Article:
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Input metrics lead to outcomes

Sometimes teams have trouble grasping how a leading indicator can drive outcome-based goals. How do I take an outcome I want to achieve and turn that into input metrics and then use those metrics to track progress toward my goal?

Imagine you want to lose weight, lower cholesterol, and become healthier over the next 6 months. You could set key results of "lose 40 pounds" and "drop cholesterol to 125" but the problem is that it’s hard to track that every week. If you do a bunch of things to try and accomplish this every week, it could be several weeks or months before you see any results.

Here’s where input metrics come into play. You know that to lose weight and improve your health, you need to exercise more and eat better. Doing those things will lead to the weight loss and other health improvements you’re after. So your input metrics might look like this (this is totally made up and you obviously should not use this as health advice):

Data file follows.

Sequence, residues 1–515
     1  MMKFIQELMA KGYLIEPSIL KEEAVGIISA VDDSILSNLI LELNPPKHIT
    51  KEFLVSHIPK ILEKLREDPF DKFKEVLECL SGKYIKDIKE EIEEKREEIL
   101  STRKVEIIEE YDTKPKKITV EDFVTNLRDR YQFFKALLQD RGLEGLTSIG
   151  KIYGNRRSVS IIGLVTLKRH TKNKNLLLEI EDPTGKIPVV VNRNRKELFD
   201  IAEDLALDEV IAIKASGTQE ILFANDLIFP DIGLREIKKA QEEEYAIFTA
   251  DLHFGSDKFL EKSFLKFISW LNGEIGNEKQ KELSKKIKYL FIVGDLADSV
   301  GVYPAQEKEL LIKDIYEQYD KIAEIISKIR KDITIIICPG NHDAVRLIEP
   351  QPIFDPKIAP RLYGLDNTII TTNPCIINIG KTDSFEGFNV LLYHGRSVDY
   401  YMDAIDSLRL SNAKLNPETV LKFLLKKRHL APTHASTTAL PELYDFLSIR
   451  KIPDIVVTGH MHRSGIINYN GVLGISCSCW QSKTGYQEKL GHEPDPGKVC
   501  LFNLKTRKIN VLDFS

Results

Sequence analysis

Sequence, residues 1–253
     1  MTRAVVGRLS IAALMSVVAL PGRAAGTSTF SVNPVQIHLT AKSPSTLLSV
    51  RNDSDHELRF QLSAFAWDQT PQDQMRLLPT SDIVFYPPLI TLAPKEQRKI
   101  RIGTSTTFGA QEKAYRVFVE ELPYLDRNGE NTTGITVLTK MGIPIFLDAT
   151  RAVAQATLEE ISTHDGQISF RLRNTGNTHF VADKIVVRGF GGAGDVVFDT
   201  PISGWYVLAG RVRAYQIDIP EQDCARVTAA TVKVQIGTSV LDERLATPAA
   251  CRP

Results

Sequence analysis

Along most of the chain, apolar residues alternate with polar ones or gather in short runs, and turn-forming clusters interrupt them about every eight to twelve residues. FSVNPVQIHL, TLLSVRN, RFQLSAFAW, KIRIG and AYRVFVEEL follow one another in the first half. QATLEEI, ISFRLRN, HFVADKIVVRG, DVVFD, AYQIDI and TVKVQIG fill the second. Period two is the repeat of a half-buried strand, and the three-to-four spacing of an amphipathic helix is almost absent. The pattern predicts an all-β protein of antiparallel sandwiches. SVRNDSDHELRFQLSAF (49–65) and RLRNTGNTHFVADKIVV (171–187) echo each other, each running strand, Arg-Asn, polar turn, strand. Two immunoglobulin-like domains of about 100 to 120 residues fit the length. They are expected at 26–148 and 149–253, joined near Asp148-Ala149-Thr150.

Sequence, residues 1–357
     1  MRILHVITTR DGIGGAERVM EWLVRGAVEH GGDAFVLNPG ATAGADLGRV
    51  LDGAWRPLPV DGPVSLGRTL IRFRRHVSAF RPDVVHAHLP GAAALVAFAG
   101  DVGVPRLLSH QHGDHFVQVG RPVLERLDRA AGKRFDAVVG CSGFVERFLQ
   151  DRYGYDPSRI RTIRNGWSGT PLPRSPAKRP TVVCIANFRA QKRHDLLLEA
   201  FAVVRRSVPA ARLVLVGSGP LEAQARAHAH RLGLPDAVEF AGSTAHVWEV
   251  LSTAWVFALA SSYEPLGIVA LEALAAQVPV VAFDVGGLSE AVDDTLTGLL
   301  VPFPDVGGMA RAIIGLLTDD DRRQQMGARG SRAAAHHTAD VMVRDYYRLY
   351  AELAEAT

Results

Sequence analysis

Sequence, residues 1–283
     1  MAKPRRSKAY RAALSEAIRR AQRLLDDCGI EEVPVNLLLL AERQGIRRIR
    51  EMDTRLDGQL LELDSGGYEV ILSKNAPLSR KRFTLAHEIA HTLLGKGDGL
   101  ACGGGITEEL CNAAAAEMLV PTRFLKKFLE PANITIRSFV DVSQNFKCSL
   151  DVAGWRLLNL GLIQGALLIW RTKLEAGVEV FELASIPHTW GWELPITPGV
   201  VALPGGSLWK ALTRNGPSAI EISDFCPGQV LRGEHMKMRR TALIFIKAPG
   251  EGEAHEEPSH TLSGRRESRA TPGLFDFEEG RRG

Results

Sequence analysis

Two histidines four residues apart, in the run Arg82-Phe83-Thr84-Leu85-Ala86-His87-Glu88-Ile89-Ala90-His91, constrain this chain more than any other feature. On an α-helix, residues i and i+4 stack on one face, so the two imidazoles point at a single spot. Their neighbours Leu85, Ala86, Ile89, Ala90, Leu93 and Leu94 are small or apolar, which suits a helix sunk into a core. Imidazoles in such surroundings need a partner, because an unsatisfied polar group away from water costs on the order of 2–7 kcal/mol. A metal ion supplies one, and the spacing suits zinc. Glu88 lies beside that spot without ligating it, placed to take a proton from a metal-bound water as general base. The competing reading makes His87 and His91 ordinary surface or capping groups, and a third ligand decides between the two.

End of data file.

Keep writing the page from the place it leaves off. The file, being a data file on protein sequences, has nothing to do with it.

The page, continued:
• 30 minutes of cardio 4 times each week
  • complete 2 pushups per day by the end of week 1, and double that every week
  • have a salad for a meal 3 times per week
  • only eat red meat once per week

These are things you can measure every single week, knowing that they’re advancing you toward your ultimate goals. By measuring these input metrics you can know if you;re likely on track for your outcome of losing weight and lowering your cholesterol. By adding those measurements as additional key results, you’ll have a well-rounded score card that gives you early insight into progress and measures the actual outcome you want to acheive.

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